I need a send a pulse to a cable(coax or simple copper wire) either sin/cos wawe or square. Then that

signal goes to end of the cable and reflected back to first position. After I understand the

exact(disconnection) open circuit location of the cable. For generating the signal can my oscillator in

arduino generate that kind of signal or I need to buy a new oscillator? And can I see the reflected signal

waweform from arduino software without an oscilloscope.


Title: Re: Measuring capacitance of a dual cable with arduino
Post by: MarkT on Apr 13, 2019, 05:12 pm
My supervisor did not like the method he told me to do with TDR(Time Domain Reflectometry) so my new concern is:
TDR doesn't measure the cable capacitance, it measures its length (assuming the dielectric constant
is known, or vice versa).

You measure the cable's characteristic impedance, but that depends on the capacitance and
inductance per unit length.

Quote
I need a send a pulse to a cable(coax or simple copper wire) either sin/cos wawe or square.
[/qoute]
Rectangular pulse with very fast edges, the rise and falltimes limit the resolution.
Quote
Then that signal goes to end of the cable and reflected back to first position. After I understand the

exact(disconnection) open circuit location of the cable. For generating the signal can my oscillator in

arduino generate that kind of signal or I need to buy a new oscillator? And can I see the reflected signal

waweform from arduino software without an oscilloscope.
The fastest edges an Arduino generate is perhaps 3 to 5ns risetime, good enough for a resolution of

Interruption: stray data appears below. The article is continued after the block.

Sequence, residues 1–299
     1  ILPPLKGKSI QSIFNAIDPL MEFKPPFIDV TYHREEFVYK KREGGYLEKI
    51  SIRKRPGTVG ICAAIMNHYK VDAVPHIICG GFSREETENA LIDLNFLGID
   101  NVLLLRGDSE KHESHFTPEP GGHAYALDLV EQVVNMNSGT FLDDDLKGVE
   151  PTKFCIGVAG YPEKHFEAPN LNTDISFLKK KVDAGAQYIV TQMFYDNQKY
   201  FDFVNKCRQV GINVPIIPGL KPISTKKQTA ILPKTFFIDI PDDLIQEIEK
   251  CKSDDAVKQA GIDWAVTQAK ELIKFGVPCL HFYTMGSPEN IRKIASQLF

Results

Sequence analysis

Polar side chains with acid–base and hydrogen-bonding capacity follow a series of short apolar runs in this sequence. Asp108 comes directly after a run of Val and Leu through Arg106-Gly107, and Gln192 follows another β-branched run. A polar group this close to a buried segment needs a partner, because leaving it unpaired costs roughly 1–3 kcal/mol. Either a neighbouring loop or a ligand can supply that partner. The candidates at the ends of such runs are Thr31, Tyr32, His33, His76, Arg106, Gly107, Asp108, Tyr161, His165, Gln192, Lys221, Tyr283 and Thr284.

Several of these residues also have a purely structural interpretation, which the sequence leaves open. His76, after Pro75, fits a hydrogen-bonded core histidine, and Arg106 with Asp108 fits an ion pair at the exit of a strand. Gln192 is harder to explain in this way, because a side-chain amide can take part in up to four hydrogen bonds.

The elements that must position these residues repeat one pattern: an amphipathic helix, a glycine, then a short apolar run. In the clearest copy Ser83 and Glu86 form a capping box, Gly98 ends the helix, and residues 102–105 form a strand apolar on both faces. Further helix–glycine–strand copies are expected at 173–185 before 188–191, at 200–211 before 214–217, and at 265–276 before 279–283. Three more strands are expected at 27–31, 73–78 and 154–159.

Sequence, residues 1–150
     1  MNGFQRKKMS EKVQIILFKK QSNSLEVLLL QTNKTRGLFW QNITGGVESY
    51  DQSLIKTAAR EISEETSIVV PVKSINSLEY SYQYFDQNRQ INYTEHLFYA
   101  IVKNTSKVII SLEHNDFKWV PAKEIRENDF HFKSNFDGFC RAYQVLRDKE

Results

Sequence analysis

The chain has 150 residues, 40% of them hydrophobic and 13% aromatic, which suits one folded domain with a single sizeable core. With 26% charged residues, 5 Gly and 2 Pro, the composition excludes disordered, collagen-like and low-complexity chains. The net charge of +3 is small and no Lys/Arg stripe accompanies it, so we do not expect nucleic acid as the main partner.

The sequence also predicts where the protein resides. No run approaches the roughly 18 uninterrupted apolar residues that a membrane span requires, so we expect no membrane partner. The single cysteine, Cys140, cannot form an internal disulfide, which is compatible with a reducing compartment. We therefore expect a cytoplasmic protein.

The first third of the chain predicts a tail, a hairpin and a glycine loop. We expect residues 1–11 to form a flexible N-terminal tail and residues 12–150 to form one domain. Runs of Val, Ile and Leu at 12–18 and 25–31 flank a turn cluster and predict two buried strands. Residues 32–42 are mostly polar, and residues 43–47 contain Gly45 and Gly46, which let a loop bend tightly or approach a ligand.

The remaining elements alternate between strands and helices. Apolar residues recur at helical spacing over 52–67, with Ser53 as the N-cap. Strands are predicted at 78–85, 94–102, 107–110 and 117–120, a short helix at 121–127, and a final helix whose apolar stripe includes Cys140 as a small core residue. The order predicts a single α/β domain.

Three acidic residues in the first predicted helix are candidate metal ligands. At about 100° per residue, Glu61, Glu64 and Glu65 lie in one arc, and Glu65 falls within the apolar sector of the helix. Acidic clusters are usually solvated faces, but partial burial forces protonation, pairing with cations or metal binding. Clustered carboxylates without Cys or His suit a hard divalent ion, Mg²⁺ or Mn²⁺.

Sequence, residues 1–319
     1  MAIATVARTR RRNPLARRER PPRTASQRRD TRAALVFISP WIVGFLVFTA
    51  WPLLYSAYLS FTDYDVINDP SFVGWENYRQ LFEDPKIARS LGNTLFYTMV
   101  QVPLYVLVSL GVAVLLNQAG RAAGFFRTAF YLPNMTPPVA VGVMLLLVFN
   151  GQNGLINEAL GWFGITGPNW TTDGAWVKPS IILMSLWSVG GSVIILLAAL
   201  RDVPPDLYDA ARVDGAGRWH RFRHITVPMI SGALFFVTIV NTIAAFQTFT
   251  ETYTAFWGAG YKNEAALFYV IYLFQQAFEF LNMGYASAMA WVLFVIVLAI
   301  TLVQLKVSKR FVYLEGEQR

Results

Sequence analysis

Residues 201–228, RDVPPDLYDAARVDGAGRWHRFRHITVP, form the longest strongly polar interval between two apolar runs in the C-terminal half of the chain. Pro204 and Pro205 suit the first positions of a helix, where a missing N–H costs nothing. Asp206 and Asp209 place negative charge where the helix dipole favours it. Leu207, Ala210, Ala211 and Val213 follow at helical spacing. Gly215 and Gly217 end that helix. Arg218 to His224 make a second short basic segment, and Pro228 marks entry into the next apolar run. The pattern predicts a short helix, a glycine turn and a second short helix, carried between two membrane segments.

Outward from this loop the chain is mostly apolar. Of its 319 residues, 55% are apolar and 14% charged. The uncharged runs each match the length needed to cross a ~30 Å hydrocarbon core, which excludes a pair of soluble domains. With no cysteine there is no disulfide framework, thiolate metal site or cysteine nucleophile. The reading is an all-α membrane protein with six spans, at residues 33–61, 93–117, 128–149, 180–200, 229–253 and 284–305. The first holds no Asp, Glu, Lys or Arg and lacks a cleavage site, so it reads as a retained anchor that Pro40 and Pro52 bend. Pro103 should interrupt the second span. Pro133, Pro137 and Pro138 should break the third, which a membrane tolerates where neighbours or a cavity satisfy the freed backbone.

a few feet, but it has no way to measure arrival time to better than the system clock period, and the
complication is that the return voltage can be 0V, 5V or 10V for a 5V pulse going in.

A TDR needs some high speed auxiliary circuitry, these days most 'scopes are fast enough to do the
measurement.
Normally you can just look up the cable capacitance in the specs for the cable...
Title: Re: Measuring capacitance of a dual cable with arduino
Post by: brkblbn on Apr 13, 2019, 06:27 pm
I don't measure capacitance with TDR. I 'm gonna measure length of the cable then I put it into test. In

test I measure the "known" length of a cable then I'll check the length from the TDR, if lengths are not

match so I understand that there is a open circuit fault and tell the exact location. So according to you I

can't make that circuitry with arduino. How can I do that? Do I need osciloscope?
Title: Re: Measuring capacitance of a dual cable with arduino
Post by: Idahowalker on Apr 14, 2019, 04:54 am
Have 'you' tried to do a search, using your favorite search engine with the words "arduino tdr"?

If you did you'd find this https://forum.arduino.cc/index.php?topic=183770.0 (https://forum.arduino.cc/index.php?topic=183770.0) which is quite informative.
Title: Re: Measuring capacitance of a dual cable with arduino
Post by: MarkT on Apr 14, 2019, 04:46 pm
Whoops, I got the quoting nesting wrong in my posting - I say that most 'scopes these days are fast
enough to do this (proper scopes, not toys).